It is also desirable for the plies (12' and 18) to exhibit a substantial interply adhesion to aid in their release from the carrier webs. This interply adhesion can be supplied by the matrix resins of the plies which may be naturally tacky or tacky when heated or pressed. The interply adhesion is increased sufficiently through preconsolidation to prevent the plies being pulled apart.
A preferred technique for forming a resin impregnated layer for cross-plying with the apparatus of the present invention is as follows. Yarn bundles of from about 30 to about 2000 individual filaments of less than about 12 denier, and more preferably of about 100 to about 250 individual filaments of less than about 7 denier, are supplied from a creel, and are led through guides into a collimating comb and then a spreader bar just prior to coating. The collimating comb aligns the filaments coplanarly and in a substantially parallel, and unidirectional fashion. The filaments are then sandwiched between release papers, one of which is coated with a wet matrix resin. This system is then passed under a series of pressure rolls to complete the impregnation of the filaments. The top release paper is pulled off and rolled up on a take-up reel while the impregnated network of filaments proceeds through a heated tunnel oven to remove solvent and then be taken up. Alternatively, the wet matrix resin could be applied to the top of the fiber sheet formed by the collimating comb, and the entire mass passed, between release papers, through a set of gapped rolls. In either case, the matrix resin can be chosen so that the ply releasably adheres to the release paper.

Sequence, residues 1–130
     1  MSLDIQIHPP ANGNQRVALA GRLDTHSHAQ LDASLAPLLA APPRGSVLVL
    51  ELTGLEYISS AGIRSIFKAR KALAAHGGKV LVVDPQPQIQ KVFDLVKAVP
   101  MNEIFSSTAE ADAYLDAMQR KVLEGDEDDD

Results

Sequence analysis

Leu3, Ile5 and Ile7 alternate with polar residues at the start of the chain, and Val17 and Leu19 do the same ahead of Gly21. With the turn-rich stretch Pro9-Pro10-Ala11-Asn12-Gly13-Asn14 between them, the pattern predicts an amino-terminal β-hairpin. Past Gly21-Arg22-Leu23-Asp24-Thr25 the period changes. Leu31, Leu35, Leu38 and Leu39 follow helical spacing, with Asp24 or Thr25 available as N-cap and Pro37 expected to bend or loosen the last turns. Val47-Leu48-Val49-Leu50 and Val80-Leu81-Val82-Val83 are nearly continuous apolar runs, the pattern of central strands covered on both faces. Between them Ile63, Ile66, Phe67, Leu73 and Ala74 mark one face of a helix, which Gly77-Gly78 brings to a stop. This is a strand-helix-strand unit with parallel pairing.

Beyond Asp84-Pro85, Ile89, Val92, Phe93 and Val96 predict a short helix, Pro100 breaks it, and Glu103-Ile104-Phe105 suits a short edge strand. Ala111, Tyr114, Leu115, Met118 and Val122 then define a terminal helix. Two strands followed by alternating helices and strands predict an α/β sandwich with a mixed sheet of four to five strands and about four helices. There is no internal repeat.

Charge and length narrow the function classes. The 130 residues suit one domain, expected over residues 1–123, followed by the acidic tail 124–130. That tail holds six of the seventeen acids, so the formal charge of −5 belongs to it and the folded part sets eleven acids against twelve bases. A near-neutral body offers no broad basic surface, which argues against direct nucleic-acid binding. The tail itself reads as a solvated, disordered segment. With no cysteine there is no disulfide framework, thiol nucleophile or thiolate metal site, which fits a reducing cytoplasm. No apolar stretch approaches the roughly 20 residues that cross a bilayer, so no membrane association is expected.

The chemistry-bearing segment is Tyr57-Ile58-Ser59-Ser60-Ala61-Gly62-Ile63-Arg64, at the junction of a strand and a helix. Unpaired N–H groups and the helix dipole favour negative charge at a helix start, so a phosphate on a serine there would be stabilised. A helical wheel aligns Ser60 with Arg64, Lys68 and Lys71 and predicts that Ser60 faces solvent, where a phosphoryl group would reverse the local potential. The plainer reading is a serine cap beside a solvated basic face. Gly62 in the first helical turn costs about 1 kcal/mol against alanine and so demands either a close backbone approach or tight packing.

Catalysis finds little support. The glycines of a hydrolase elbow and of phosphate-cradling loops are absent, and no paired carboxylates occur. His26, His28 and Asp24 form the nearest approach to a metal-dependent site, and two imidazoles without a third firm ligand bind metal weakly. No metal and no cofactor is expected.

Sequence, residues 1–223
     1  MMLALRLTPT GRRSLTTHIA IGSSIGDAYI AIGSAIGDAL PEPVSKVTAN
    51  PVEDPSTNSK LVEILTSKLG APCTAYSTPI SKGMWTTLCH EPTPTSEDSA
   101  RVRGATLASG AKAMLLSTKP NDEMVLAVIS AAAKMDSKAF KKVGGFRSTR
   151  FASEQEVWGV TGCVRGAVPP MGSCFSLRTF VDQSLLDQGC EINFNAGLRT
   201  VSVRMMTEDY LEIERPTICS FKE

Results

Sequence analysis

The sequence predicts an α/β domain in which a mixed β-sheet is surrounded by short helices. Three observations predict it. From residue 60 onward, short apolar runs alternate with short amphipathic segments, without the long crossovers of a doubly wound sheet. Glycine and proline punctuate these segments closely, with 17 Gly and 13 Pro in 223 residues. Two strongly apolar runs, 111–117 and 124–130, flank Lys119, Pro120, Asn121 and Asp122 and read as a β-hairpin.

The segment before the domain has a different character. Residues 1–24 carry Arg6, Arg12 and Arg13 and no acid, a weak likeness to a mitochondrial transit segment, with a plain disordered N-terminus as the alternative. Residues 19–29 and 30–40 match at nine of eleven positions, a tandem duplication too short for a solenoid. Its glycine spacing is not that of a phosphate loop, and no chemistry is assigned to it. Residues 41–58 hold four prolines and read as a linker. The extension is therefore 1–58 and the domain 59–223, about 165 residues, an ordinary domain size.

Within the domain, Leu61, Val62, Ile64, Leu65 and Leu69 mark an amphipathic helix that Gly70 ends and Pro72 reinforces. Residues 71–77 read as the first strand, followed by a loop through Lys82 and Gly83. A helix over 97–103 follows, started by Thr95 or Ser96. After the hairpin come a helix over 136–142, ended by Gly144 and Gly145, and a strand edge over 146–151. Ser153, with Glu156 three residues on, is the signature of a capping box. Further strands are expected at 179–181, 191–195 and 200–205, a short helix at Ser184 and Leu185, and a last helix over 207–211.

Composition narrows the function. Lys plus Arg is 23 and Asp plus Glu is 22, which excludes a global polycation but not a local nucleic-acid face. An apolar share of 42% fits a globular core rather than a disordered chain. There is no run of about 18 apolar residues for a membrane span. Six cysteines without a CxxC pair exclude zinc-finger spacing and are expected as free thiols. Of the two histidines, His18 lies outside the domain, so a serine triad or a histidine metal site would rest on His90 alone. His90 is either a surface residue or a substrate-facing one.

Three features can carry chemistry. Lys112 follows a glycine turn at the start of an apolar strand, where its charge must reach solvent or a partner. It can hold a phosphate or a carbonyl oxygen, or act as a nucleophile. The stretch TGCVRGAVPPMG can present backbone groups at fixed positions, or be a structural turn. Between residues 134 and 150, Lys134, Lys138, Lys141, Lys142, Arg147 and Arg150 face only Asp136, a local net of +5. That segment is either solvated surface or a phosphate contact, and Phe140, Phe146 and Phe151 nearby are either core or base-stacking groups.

The layers of the cross-plied material useful in the present invention typically contain from 5 to 30 fiber ends per inch (2 to 12 ends per cm) and preferably 10 to 20 ends per inch (4 to 8 ends per cm). Each layer is typically from 0.0001 (0.0025) to 0.015 (0.38), preferably 0.0005 (0.0127) to 0.01 (0.25), more preferably 0.0005 (0.0127) to 0.005 (0.127), and most preferably 0.0005 (0.0127) to 0.0025 (0.064) inches (mm) thick. Layers having these dimensions are particularly useful when made of extended chain polyethylene having a yarn denier of about 1300 denier/240 filaments. The areal density is used to indicate the amount of fiber and/or resin per unit area of the layer. It is determined by the number of yarn strands laid per unit width of sheet and the amount of resin applied to the yarn. Typically, if a 1300 denier/ 240 filament yarn is laid 10 ends per inch, the yarn areal density in the sheet would be about 52.5 grams per square meter.